Nico Muhly: Throughline

Digital album recording from the Grammy-winning San Francisco Symphony

The San Francisco Symphony adds to its Grammy Award-winning SFS Media discography with the one-of-a-kind release of Nico Muhly’s Throughline. Recorded as part of the SF Symphony’s Throughline: From Hall to Home digital concert event, Muhly’s “work of remarkable expressive power” (San Francisco Chronicle) offers a kinetic and seamlessly collaborative musical experience that captures the vibrant individualism of its performers. This recording is available available now wherever music is streamed and downloaded. 

Program Notes: 


BORN: August 26, 1981, Randolph, VT. Currently living in New York City


RECORDED/WORLD PREMIERE: September 2020 in Davies Symphony Hall and around the globe. Commissioned by the San Francisco Symphony, Throughline premiered as part of the digital presentation Throughline: San Francisco Symphony—From Hall to Home, which was first broadcast on local television and streamed online, November 14, 2020.

INSTRUMENTATION: violin, piano, electric guitar, bass, vocal, and flute soloists; 2 flutes (2nd doubling piccolo), oboe, English horn, clarinet, bass clarinet, 2 bassoons, 2 horns, 3 trumpets, 3 trombones, tuba, timpani, percussion, harp, keyboard, and strings

DURATION: About 17 mins

Nico Muhly offers the following comments on Throughline:

Throughline was composed especially for the legal and physical restrictions made necessary by the COVID-19 virus. A maximum of six orchestral players could be on stage at once, none of which could be a breath-based instrument (who had to be recorded individually). Soloists would be recorded remotely from across the globe, and it would all be assembled through an intricate video and audio editing process.

Each of the thirteen movements is a mini concerto, not just for one of the San Francisco Symphony’s Collaborative Partners but for members of the Orchestra; for instance, one movement features Nicholas Britell on piano, playing with Principal Trumpet Mark Inouye, and in another movement, Pekka Kuusisto plays a kinetic, hyperactive duet with Principal Viola Jonathan Vinocour. Bryce Dessner’s electric guitar is antagonized by trombones and tuba, with musical material shifting between the brass and an electric bass. The goal was to constantly illuminate individual San Francisco Symphony players as soloists as well as showing the musicians as team-players within their sections; in this sense it functions like a concerto grosso but with everybody shifting teams.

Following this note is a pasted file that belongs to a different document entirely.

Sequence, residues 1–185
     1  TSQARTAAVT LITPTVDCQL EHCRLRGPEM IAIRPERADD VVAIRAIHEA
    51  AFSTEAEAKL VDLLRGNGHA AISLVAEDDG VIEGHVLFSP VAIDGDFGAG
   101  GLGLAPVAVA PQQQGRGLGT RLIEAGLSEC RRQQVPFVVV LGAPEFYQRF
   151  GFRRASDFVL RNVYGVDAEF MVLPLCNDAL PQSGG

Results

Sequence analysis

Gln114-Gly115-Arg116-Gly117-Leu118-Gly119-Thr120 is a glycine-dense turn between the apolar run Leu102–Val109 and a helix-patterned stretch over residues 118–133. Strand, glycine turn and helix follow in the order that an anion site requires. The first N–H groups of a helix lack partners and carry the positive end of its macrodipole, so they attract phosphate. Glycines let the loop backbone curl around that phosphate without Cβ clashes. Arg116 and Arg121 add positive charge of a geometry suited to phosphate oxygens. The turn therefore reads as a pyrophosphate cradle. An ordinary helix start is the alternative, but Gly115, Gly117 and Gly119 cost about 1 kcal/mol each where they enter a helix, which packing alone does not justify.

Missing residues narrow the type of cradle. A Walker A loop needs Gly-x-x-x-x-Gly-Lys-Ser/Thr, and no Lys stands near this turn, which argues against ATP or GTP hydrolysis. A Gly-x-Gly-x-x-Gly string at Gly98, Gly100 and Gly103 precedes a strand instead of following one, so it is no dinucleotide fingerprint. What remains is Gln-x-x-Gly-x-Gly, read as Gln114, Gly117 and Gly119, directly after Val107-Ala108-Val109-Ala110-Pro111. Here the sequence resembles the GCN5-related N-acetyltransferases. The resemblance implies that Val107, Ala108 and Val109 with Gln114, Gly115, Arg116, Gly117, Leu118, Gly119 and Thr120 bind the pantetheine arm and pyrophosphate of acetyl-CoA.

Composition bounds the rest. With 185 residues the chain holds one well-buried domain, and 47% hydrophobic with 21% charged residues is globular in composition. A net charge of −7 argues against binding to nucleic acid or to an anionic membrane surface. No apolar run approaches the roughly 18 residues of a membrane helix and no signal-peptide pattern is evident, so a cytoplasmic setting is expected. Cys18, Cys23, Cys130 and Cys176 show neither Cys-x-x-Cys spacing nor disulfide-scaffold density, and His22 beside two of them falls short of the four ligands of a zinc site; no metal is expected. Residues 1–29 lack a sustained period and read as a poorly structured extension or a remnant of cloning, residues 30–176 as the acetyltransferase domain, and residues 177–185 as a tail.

At the heart of the piece are three sections with more complicated origin stories. First, a piece of music [Three Fast Lines] in which I composed three lines of counterpoint and an artificial intelligence entity designed by Carol Reiley finished it, lending it a Bachian logic. Esperanza Spalding then improvised a piece for voice and bass, to which I added a subtle glaze of four cellos [Improvisation No. 2]. A brief Bach chorale with solo viola ushers in the last three movements (featuring Claire Chase, Julia Bullock, and Esa-Pekka Salonen), which employ a single set of chords in slow rotation over moderate music (for bass flute), slow music (for voice, with a text by Thomas Traherne), and incredibly slow music, which imagines Esa-Pekka conducting the orchestra through touch and gesture, from 6,000 miles (rather than six feet) away. —Nico Muhly


San Francisco Symphony
Nico Muhly



    Nico Muhly, Composer, Conductor, Piano

    Pekka Kuusisto, Violin

    Nicholas Britell, Piano

    Carol Reiley, Artificial Intelligence, Co-Composer

    Bryce Dessner, Electric Guitar

    Esperanza Spalding, Bass, Vocals, Composer

    Julia Bullock, Soprano

    Claire Chase, Bass Flute 


Producer: Jason O’Connell, Nico Muhly

Engineering Support: Jon Johannsen, Nick Abreu, Denise Woodward

Post-Production:  Jason O’Connell

Cover Photo: Heidi Solander

Performance Photos: Kristen Loken
Video Stills: Courtesy of the SF Symphony

Label: SFS Media 

Recorded:  September 22-25, 2020 in PCM 
and 24-bit/96kHz audio. 


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